This lab does advanced testing of advanced materials from the Great Lakes Bay area’s many chemical-related companies. Yes, Dow Chemical and Dow Corning, but also ones you’ve probably never heard of and would have a hard time pronouncing, like Gougeon Brothers Inc. in Bay City.

Gougeon’s West System and Pro-Set marine epoxies are known around the world (including the America’s Cup races). Their advanced materials help give an edge to the Saginaw Valley Formula SAE racing team. Now, they’re expanding their epoxy line into the surfboard business. All of their materials are tested at Saginaw Valley.

Hart jokes that the students who work at his lab have a 100 percent placement rates, including students who have passed up grad schools for lucrative career offers with some of the companies whose materials they’ve tested. Working in the lab, the companies vet the students involved, much like a co-op program.

Hart’s lab has also graduated a company — Covaron Advanced Materials, which is working on new formulations of ceramics that the company says have sustainable applications in a wide variety of energy and industrial applications. The major advantage is a far lower production temperature than most ceramics. The company leased space in the lab until its recent move to Ann Arbor.


My morning at Saginaw Valley ended with a visit with Frank R. Hall, dean of the College of Science, Engineering and Technology. Hall joined Saginaw Valley July 1 after serving as a professor and dean at Worcester State University in Massachusetts. He was also has been a visiting scholar at Worcester Polytechnic Institute.

Earlier, Hall held a variety of academic, government and public policy appointments. After eight years on the faculty at the University of New Orleans, he joined the Ocean Studies Board of the National Academies of Science in Washington, D.C. in 2006. That was followed by stints with the National Oceanic and Atmospheric Administration and the Center for Environment, Commerce and Energy.

Hall currently serves the United Nations Oceans Assessment Program as a consulting expert. He also has been serving on Massachusetts’ STEM Advisory Council. For his professional activities, Hall was nominated as an Outstanding African-American in STEM for the Black Engineers of the Year Awards in 2014.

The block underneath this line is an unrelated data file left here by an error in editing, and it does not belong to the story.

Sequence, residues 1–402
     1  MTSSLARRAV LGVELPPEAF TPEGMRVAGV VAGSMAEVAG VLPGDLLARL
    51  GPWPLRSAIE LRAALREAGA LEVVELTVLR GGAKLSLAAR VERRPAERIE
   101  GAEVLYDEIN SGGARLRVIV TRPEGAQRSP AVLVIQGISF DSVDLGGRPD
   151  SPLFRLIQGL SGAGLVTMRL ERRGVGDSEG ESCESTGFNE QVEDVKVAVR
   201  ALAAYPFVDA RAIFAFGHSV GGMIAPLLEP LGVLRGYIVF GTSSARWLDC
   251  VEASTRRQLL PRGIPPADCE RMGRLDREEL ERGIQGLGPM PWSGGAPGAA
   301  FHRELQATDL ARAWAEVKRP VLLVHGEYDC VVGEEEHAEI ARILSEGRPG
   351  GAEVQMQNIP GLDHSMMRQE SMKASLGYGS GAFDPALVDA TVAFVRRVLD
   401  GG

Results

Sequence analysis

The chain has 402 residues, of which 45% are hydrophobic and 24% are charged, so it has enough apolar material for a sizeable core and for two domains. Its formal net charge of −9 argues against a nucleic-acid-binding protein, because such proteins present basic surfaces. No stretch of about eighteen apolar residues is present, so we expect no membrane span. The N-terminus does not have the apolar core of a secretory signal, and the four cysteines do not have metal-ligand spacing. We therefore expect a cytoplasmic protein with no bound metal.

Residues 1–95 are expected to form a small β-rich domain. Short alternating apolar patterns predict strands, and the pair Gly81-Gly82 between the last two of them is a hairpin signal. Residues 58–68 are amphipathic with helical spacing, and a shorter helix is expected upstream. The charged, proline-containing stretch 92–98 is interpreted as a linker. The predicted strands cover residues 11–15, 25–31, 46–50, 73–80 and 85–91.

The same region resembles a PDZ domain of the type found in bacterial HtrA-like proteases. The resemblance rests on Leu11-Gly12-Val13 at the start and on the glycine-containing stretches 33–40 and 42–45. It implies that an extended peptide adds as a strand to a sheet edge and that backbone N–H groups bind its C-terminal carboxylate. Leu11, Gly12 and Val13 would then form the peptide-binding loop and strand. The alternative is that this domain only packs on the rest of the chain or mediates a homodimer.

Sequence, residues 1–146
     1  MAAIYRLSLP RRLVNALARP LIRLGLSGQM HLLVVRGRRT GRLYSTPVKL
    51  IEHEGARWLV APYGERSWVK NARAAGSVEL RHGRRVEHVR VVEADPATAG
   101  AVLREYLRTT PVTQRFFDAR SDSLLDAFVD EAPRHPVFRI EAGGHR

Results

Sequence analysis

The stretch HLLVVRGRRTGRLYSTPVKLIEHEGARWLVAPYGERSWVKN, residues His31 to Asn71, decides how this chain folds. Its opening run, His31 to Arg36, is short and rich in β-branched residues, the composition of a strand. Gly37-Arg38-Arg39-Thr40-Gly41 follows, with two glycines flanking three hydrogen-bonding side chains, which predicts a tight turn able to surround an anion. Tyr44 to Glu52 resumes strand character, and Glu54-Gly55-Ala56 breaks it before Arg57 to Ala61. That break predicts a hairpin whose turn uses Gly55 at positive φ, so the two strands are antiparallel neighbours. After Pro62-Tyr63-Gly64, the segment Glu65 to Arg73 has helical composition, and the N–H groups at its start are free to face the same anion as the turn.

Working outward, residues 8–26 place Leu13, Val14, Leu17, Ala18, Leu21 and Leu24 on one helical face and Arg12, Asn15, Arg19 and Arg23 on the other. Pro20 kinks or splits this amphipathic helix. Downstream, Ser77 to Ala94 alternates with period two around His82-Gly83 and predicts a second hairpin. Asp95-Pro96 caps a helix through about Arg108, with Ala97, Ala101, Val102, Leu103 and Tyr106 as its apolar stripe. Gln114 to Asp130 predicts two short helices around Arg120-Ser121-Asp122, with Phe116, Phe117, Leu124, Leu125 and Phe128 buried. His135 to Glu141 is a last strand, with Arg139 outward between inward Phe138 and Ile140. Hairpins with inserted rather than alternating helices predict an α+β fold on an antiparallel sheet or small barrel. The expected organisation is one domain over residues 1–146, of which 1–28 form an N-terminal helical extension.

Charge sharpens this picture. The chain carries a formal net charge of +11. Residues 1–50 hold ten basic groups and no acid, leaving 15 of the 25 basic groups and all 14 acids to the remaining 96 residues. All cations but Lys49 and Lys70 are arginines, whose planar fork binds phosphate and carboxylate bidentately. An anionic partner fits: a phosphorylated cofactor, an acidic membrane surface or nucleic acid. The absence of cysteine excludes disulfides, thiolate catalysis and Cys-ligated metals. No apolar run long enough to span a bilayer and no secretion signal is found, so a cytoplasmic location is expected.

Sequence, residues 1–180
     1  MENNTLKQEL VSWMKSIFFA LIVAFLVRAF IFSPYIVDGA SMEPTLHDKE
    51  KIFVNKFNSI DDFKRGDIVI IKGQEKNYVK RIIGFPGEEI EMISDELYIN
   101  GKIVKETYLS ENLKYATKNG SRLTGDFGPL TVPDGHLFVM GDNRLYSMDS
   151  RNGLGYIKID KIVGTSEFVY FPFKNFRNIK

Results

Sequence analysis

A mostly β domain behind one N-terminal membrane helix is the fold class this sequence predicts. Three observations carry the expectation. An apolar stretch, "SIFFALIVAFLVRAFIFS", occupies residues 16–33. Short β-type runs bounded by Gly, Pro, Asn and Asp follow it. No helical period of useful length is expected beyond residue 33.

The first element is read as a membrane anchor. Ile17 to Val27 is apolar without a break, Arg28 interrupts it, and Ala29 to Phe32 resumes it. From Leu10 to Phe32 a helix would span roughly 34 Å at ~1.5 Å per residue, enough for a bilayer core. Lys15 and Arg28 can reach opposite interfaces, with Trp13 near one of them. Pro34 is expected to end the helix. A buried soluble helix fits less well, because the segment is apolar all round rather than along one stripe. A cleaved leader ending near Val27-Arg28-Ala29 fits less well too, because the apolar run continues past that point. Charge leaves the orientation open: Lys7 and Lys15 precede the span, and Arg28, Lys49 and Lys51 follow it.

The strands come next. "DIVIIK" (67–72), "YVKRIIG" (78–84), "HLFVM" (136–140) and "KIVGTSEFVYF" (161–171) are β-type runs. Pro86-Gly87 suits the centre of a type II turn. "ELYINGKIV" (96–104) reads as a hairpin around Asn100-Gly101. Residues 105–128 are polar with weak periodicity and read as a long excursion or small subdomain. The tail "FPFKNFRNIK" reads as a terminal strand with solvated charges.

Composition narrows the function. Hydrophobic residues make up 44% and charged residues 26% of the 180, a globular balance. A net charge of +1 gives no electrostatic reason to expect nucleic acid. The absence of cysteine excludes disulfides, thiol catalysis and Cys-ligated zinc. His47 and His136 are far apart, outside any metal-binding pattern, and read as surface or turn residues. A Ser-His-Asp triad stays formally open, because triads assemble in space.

Hall completed a Ph.D. in geological oceanography from the University of Rhode Island. He also holds a master’s degree from Lehigh University and a bachelor’s degree from Kean University.

Hall said that early in his SVSU career, he’s focused on boosting enrollment among women in engineering, and that the SWE chapter will help. (Female enrollment, he said, is only about 7 percent of the college’s 2,000 students.) The college has been growing thanks to strength in mechanical engineering and computer science enrollment.

For the future, Hall said he sees growth opportunities in mechatronics and computer science. The university has just hired a faculty member who has been doing a lot of work in automobile programming and software.


Thus ended my morning on the Saginaw County prairie. I was struck by one thing about Saginaw Valley, one of the schools Michigan created in its mid-’60s explosion of economic growth — I kept hearing over and over that this was a place where professors really love to teach, but they can also do important, groundbreaking research. At really big schools, professors are all about research and the actual teaching is left to graduate students. At small schools, it’s all about teaching, and there frequently aren’t resources for big expensive labs that let professors do leading-edge research. Saginaw Valley, I kept hearing, is comfortably in the middle, where both aims are accomplished. And that’s just what I saw Monday.

Now it’s on to Central Michigan University, as the 2015 ESD Fall Tech Tour, sponsored by Michigan Technological University, continues.